David Hargreaves reckons that whether by design or not the Tax Working Group has ended up being a public referendum for Capital Gains Tax - and it's likely to work out well for the Government

David Hargreaves reckons that whether by design or not the Tax Working Group has ended up being a public referendum for Capital Gains Tax - and it's likely to work out well for the Government

By David Hargreaves

So, has this Capital Gains Tax business all been a bit of extraordinarily naive ideology on the part of the Coalition Government, or has it, in the immortal words of Edmund Blackadder been "a plan so cunning you could put a tail on it and call it a weasel"?

I'm inclined to think it's the former. These days my answer to the old question of "cock-up or conspiracy?" tends to be "cock-up". The reality is humans are seldom as clever as we like to think we are and the level of intelligence needed to devise master plans beloved of conspiracy theorists is usually outside the confines of the grey matter residing in most of us.

Be that as it may, if the Government is soon - as National leader Simon Bridges thinks - about to deliver a much-watered down proposal to that submitted by the Tax Working Group, then I think this whole thing could work out rather well for the Government. And the opposite might be said for National.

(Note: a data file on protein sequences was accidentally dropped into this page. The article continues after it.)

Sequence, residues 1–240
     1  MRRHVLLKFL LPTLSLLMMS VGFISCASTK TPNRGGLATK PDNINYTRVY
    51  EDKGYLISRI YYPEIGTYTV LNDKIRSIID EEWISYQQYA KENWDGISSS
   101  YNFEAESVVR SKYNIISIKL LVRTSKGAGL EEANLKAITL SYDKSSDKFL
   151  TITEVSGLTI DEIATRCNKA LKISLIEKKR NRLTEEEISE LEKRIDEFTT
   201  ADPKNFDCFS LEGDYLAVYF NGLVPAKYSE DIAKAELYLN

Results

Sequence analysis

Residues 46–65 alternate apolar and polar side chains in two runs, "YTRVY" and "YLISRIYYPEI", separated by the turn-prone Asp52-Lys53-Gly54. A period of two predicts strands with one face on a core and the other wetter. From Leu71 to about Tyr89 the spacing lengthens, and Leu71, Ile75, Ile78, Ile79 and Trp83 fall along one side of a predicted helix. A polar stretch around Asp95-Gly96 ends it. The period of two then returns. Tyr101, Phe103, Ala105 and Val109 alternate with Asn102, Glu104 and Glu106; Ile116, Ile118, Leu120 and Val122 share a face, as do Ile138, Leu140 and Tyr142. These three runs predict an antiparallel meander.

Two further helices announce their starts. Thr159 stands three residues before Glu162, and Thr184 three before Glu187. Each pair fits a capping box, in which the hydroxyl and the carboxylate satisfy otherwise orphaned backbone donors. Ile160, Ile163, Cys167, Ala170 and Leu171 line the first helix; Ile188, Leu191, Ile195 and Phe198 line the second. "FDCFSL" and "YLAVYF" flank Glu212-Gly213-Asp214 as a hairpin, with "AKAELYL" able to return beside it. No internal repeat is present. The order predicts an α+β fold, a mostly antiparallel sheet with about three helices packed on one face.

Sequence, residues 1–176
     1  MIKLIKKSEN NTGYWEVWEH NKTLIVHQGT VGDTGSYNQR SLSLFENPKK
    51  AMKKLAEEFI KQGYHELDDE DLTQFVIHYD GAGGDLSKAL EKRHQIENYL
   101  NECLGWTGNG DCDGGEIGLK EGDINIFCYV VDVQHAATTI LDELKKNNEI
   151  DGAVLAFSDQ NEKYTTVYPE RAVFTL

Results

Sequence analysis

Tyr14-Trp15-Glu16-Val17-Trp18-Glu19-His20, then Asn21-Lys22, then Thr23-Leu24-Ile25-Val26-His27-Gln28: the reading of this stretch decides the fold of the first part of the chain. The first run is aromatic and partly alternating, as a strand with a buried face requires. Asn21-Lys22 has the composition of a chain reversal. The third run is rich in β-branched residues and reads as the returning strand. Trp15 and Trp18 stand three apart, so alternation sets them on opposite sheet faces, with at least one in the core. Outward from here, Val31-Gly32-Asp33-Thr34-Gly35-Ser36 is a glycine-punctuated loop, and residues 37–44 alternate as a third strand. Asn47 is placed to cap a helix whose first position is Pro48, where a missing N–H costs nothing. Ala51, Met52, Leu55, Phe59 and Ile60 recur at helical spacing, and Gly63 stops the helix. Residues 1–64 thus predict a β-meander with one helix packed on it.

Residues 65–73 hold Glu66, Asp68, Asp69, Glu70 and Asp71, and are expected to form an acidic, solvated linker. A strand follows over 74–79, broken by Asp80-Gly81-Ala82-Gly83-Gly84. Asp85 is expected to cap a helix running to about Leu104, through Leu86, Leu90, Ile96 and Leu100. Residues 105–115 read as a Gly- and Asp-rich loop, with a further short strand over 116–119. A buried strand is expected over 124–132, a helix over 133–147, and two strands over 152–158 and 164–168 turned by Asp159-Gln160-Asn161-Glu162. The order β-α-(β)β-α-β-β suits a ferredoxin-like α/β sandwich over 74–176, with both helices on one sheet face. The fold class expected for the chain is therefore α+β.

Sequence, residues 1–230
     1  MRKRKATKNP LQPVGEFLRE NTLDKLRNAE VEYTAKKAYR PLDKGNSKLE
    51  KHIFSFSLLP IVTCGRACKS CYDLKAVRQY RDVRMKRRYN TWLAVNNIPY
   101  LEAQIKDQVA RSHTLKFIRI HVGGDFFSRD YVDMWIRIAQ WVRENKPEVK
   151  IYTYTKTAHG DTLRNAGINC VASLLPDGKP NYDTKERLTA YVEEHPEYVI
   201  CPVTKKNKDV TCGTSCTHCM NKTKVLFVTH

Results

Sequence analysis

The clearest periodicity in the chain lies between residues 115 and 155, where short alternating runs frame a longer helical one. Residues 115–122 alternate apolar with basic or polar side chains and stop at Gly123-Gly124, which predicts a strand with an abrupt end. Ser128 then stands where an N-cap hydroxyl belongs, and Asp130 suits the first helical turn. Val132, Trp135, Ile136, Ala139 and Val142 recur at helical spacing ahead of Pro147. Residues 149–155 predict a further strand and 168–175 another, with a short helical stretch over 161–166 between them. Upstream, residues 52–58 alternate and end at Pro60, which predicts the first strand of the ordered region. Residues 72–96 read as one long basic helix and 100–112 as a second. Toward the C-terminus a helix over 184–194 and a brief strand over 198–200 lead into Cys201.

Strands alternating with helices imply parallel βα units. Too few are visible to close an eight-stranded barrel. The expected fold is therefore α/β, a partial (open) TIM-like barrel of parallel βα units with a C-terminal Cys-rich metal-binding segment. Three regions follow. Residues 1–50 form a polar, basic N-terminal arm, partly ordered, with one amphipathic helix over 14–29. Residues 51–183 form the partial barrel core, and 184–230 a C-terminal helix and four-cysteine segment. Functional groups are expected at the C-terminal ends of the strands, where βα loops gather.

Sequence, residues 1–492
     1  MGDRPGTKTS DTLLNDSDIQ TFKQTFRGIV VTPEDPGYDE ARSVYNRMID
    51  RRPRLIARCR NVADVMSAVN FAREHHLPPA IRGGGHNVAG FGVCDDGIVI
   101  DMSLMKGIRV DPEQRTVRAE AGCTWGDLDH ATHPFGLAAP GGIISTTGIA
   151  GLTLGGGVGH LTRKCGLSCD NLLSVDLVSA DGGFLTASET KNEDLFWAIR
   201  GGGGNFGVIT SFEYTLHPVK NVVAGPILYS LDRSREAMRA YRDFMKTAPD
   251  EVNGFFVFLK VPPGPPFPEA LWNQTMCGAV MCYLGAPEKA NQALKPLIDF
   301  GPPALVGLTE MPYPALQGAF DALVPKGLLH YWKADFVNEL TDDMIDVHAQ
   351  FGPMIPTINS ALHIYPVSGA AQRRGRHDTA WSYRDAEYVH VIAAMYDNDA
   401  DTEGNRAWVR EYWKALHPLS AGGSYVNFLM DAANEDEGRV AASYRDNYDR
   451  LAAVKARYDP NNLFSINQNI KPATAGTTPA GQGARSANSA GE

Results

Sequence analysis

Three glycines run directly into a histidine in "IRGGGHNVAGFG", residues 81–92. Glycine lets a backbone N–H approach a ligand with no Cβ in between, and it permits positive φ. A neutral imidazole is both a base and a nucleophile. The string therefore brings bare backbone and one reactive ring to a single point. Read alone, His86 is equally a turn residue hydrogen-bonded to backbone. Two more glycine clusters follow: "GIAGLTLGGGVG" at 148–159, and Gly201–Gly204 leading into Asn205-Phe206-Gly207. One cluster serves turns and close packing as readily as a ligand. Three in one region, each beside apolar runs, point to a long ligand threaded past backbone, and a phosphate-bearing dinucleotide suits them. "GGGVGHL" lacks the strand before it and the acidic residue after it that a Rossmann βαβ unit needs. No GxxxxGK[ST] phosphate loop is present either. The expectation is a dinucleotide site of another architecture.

Oh, yes, National will have a short-term crow about back-downs and, hey, Labour's still going to tax us more, and this will "still be bad for New Zealanders" but the reality is that by closing the door on a comprehensive CGT, the Government will swiftly pull the rug out from under National's election strategy.

Since the final TWG report was released in February National has conducted an unrelenting bombardment of media releases on how CGT will ruin our lives. There appears to have been a deliberate and orchestrated strategy to put out at least one doom-laden CGT release every day.

I have been reminded of a cartoon I saw many a long year ago by the great British cartoonist Giles, showing a man in a room surrounded by protest banners calling for the ousting of US President Lyndon Johnson (yes, that long ago). The man is just putting the finishing touches to another sign and we see someone holding a newspaper headline in front of him saying that Johnson will not stand for re-election.